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From Ceramics to Superconductors: Rapid Materials Synthesis by Solid-State Metathesis Reactions

Published online by Cambridge University Press:  25 February 2011

Randolph E. Treece
Affiliation:
University of California, Los Angeles, Dept. of Chemistry and Biochemistry and Solid State Science Center, 405 Hilgard Ave., Los Angeles, CA 90024–1569.
Edward G. Gillan
Affiliation:
University of California, Los Angeles, Dept. of Chemistry and Biochemistry and Solid State Science Center, 405 Hilgard Ave., Los Angeles, CA 90024–1569.
Richard M. Jacubinas
Affiliation:
University of California, Los Angeles, Dept. of Chemistry and Biochemistry and Solid State Science Center, 405 Hilgard Ave., Los Angeles, CA 90024–1569.
John B. Wiley
Affiliation:
University of California, Los Angeles, Dept. of Chemistry and Biochemistry and Solid State Science Center, 405 Hilgard Ave., Los Angeles, CA 90024–1569.
Richard B. Kaner
Affiliation:
University of California, Los Angeles, Dept. of Chemistry and Biochemistry and Solid State Science Center, 405 Hilgard Ave., Los Angeles, CA 90024–1569.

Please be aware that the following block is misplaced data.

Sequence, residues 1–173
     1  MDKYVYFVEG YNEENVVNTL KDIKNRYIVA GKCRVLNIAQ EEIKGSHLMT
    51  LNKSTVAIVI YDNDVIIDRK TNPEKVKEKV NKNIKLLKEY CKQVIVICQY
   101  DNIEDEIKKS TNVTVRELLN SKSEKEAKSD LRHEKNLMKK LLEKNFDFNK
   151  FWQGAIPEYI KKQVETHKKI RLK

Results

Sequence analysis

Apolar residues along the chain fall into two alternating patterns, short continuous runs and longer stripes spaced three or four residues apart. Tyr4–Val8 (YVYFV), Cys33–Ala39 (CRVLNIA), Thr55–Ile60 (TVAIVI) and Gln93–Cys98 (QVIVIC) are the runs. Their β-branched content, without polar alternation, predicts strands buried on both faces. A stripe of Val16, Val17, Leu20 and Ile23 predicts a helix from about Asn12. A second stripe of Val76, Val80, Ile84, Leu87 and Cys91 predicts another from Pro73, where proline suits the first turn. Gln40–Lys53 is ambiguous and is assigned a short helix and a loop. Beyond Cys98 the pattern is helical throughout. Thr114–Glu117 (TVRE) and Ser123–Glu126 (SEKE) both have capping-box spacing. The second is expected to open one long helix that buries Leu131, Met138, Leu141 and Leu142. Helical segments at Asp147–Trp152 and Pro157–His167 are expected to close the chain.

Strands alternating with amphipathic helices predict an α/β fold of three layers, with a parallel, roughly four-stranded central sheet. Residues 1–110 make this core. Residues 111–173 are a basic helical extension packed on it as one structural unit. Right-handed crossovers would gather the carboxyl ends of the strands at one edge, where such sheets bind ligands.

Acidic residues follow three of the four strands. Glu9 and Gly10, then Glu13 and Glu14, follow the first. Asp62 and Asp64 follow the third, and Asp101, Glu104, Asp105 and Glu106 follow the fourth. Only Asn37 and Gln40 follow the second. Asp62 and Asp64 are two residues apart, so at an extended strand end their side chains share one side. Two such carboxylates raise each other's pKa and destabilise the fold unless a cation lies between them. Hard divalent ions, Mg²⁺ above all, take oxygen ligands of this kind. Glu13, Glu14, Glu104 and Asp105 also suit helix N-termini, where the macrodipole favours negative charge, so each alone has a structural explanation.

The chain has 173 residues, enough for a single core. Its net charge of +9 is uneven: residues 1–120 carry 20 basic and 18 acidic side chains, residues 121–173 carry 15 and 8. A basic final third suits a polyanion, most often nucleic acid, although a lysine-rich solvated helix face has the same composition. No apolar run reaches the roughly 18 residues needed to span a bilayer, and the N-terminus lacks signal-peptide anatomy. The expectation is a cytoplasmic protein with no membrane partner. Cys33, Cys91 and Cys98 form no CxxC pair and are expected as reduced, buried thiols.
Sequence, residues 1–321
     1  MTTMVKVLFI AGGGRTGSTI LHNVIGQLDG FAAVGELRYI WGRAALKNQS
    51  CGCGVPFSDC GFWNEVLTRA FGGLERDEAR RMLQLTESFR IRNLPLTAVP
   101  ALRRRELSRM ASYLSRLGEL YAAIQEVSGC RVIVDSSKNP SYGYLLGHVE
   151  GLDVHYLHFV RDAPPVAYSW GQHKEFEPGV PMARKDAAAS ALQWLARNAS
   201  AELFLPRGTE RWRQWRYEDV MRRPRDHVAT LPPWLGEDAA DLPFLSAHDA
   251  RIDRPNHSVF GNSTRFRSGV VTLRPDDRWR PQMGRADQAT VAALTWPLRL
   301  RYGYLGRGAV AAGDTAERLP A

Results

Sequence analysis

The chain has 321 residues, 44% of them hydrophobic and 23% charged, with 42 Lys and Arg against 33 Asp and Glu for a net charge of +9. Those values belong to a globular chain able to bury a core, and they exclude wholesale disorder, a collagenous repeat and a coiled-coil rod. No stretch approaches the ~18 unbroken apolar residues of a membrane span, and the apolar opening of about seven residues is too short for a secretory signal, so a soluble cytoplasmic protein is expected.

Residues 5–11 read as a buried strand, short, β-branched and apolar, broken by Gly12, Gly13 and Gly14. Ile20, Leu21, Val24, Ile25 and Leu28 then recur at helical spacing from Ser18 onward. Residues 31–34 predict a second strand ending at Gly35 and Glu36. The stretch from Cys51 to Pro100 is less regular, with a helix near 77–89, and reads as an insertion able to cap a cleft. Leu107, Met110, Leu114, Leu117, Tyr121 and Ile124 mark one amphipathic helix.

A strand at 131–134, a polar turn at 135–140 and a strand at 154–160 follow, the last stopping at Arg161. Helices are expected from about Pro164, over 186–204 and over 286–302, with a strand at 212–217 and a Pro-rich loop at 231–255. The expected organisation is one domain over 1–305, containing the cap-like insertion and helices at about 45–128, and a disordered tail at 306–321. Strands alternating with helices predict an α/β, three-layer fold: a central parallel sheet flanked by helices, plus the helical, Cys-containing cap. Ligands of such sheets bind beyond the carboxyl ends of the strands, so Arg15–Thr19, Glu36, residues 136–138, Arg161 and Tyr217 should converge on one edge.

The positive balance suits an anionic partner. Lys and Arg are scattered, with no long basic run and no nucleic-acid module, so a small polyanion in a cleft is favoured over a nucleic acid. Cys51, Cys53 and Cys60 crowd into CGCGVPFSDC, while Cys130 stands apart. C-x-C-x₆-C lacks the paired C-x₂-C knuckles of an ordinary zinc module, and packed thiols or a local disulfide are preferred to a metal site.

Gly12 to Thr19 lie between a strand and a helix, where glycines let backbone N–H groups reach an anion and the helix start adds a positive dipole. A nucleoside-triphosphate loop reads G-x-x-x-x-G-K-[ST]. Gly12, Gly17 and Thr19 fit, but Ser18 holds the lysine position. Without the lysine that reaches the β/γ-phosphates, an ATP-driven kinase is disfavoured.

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Abstract

The preparation of materials from gas and liquid phase precursor reactions is well documented. However, solid-state precursor routes have remained largely unexplored. This synthetic void led us to develop rapid (< 2 s), solid-state metathesis (exchange) reactions with a very broad range of synthetic applications. An example is the self-propagating reaction:

where the Nal is simply washed away with water. Analogous reactions allow the preparation of carbides, suicides, chalcogenides (O, S, Se, and Te), and pnictides (N, P, As, and Sb), of main-group, transition-, and rare-earth metals. These methods can also be exploited to produce mixed-metal and mixed-nonmetal solid solutions.

To gain insight into some of the mechanistic factors involved in these reactions, such as initiation, nucleation, and propagation, we have employed a variety of physical characterization methods. This paper will review the range of materials accessible by our synthetic approaches, as well as the control of product crystallinity, phase, and homogeneity through the optimization of reaction conditions.

Type
Research Article
Copyright
Copyright © Materials Research Society 1992

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